Migration experiment with a bird's-eye view

Research: A balloon will take geese south to see if they fly back on their own next spring. If so, the method will be used with rare swans and whooping cranes.

November 21, 2001|By Laura Vozzella | Laura Vozzella,SUN STAFF

WARRENTON, Va. - Ten caged Canada geese are dangling atop a flagpole here, getting ready to explore a question that sounds as silly as the strung-up waterfowl look: Can birds learn to migrate without flapping their wings?

Even a birdbrain knows they've got to flap to fly the hundreds and thousands of miles between their summer and winter homes.

That is, unless they hitch a ride on a huge helium balloon.

In an offbeat but earnest scientific experiment that could take flight as early as this weekend from a polo field in Castleton, in central Virginia, pilots will try to fly the balloon about 170 miles south with the 10 geese hanging off the gondola in cages.

It's a fanciful-looking rig, one you might expect to touch down over the rainbow. It could land instead in the annals of ornithology.

If the experiment works and the birds fly back north on their own in the spring, the researchers will try "passive migration" on rare trumpeter swans and whooping cranes. And they'll trade the balloon for a blimp.

"So little is known about how birds migrate. Do they use the stars? Do they look at landmarks?" said Harry Darlington IV, a balloon pilot and son of Antarctic explorers who organized the experiment with Dr. William Sladen, a wildlife researcher who founded Environmental Studies at Airlie in Warrenton.

"The objective is to know: Can a bird learn a migration route passively?" Darlington said. "Can it look at the ground and remember that route next spring?"

The two-year, $100,000 experiment is hardly the first unusual effort in the name of waterfowl migration. But the project has raised eyebrows even in a scientific field known for making birds think ultralight airplanes are their mothers.

Mention of the balloon project drew a chuckle from Joe Duff, who pioneered ultralight-led migration experiments with his partner William Lishman in 1994.

Their work inspired the movie Fly Away Home. Sladen's Airlie center trained geese for the movie and has placed trumpling swans on Columbia's lakes in an effort to reintroduce native swans to the region.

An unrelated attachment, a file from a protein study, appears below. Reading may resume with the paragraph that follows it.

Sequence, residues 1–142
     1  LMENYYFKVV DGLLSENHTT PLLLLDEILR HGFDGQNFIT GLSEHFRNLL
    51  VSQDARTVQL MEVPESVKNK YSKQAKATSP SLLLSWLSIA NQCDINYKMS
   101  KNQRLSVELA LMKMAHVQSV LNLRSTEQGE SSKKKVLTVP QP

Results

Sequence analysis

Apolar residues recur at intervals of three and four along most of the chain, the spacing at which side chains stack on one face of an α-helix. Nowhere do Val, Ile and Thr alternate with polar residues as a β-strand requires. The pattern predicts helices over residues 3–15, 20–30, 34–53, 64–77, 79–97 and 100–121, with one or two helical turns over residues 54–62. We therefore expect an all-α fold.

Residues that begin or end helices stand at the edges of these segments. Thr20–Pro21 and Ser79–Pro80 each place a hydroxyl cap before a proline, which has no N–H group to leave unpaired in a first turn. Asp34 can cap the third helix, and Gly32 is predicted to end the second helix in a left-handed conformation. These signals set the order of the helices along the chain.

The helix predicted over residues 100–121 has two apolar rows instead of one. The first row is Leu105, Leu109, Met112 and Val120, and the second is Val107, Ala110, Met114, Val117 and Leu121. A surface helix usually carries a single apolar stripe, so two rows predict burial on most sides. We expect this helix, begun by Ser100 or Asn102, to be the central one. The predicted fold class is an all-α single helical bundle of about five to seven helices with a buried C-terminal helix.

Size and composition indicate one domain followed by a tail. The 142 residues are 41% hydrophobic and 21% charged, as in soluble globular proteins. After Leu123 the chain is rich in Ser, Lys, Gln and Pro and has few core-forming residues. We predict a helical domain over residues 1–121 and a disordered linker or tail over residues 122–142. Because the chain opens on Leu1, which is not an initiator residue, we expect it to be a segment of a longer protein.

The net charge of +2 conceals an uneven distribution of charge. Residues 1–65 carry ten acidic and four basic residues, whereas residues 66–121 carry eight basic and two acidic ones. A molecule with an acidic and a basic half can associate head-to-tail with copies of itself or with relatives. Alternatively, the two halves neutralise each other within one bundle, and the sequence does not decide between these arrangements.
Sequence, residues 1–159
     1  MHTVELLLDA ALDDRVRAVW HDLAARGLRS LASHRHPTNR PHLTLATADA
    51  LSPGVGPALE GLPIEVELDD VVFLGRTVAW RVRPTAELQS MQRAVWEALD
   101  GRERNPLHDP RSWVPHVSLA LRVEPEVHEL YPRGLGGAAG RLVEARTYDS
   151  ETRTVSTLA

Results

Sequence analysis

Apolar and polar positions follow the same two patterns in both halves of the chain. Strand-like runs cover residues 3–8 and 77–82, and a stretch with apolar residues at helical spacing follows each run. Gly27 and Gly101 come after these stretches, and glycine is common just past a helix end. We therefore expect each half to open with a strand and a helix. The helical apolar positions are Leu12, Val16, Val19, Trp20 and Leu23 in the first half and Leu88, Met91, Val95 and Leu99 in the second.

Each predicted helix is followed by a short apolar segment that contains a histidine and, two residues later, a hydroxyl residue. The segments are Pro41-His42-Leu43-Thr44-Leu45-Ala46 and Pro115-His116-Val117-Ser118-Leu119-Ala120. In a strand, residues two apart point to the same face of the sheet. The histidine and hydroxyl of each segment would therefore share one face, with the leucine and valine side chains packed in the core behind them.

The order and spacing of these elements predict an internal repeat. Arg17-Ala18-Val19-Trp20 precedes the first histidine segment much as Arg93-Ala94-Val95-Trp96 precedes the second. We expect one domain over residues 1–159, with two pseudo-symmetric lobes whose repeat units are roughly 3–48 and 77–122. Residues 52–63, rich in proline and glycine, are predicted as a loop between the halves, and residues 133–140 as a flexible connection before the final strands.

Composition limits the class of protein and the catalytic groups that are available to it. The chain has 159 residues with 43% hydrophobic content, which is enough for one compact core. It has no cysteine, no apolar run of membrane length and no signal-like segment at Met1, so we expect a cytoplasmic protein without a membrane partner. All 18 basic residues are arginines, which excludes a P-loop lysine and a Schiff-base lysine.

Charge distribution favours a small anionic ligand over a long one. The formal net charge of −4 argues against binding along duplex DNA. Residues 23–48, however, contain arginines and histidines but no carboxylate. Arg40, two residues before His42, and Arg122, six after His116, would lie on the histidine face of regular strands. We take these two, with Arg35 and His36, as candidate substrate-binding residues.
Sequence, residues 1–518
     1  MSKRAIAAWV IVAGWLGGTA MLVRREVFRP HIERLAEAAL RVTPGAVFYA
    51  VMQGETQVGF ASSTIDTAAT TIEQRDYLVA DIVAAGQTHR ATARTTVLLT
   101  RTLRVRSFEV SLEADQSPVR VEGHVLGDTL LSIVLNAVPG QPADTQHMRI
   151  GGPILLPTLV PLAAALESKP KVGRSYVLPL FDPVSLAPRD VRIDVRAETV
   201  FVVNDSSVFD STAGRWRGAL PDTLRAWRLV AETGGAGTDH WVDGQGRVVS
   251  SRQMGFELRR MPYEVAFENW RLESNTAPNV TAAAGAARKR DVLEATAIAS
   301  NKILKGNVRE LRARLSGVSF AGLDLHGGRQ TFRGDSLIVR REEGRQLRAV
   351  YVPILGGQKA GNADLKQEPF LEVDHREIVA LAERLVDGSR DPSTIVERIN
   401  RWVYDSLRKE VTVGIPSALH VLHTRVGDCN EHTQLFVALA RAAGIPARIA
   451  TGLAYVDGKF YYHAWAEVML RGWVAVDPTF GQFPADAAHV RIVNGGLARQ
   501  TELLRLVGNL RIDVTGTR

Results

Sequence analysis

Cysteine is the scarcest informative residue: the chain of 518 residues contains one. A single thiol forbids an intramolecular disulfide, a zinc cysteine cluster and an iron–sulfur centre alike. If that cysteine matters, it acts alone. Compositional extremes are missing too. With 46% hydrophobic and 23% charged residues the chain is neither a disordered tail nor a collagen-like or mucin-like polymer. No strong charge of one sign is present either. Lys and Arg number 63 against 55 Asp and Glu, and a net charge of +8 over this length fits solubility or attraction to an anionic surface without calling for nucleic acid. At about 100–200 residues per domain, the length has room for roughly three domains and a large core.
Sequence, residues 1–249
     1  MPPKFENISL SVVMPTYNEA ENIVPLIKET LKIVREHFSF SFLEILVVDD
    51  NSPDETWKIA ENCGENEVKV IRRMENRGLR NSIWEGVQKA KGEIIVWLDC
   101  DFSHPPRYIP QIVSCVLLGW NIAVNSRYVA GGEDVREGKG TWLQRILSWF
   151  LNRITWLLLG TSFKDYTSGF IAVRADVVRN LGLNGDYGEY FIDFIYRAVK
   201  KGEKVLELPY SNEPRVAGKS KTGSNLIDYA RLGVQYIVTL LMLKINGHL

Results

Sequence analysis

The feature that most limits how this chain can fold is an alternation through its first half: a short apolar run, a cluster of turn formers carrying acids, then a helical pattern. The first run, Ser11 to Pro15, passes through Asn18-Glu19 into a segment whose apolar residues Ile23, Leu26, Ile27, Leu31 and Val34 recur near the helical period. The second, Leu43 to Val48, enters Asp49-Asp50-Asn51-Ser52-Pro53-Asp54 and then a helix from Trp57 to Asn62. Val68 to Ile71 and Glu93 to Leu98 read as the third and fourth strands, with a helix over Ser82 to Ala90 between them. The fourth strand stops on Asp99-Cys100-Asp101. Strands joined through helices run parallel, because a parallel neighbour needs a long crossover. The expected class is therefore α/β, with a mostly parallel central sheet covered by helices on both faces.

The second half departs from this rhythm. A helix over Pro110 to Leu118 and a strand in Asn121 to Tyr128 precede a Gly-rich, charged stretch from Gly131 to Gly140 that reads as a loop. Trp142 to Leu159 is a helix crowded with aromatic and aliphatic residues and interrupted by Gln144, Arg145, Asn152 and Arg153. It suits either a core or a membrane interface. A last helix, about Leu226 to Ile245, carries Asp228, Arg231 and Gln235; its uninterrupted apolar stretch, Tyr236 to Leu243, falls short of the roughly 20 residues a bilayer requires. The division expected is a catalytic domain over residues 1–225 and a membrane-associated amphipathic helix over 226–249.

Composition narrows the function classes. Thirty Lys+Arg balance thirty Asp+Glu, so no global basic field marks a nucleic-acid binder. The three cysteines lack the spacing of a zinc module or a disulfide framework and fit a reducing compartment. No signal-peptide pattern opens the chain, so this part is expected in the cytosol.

"I don't think it will work," said Duff, speaking by satellite phone from central Georgia last week, on a break from leading 11 sandhill cranes from central Wisconsin to a wildlife refuge near Tampa, Fla.

Duff said he has tried a passive migration experiment, shipping cranes in a closed trailer from Ontario to South Carolina, stopping every 50 miles to let them fly around and see landmarks, then boxing them up again. The birds failed to migrate back north.

"There's a good indication if they don't get there on their own steam, they won't [learn the migration route]," Duff said. "How do you convince a bird to look out the window? How do you make it focus on what you're flying over? We know from our studies that they don't use landmarks."

Bob Ferris, vice president for species conservation at Defenders of Wildlife, is more optimistic. His group considered a similar experiment three or four years ago but scrapped the plan, he said.

"People will think a lot of this stuff is kooky to begin with," Ferris said. "I think it has a good probability of working."

Like the ultralight projects, the balloon effort is aimed at restoring migratory populations of rare trumpeter swans and whooping cranes. That's considered important for the environment and for the birds because the migrating flocks might displace some non-native "resident" birds that deplete underwater grasses and cause other damage.

The project is starting with geese only because it is easier to get state and federal permits to work with those plentiful birds.

Passive migration by balloon or airship holds greater promise than the ultralight projects, which have had mixed results, scientists say.

"If our experiment is successful, we believe that the use of gas balloons or airships will much more accurately replicate a true migration, could significantly improve the safety and provide more flexibility with the weather and increase the number of birds that could be taught migration routes," Sladen said.

Balloons and blimps can travel farther than ultralights and can fly at night and in rougher weather, Sladen said, making the experience closer to natural migration, during which birds typically fly for eight to 12 hours without rest.

The passive method eliminates months of training because the birds are caged. For the 10 geese in the balloon experiment, training consists of being hoisted up the flagpole in crates made of plastic piping so that they can get used to being in the cages and hanging in the air.

Birds used in ultralight experiments need months of coaxing before they "imprint," that is, think of the plane or pilot as their mother and fly after it.

Eliminating that long training would save more than time and money. It would also protect the birds' safety because they can lose their fear of humans after months of contact with their handlers.

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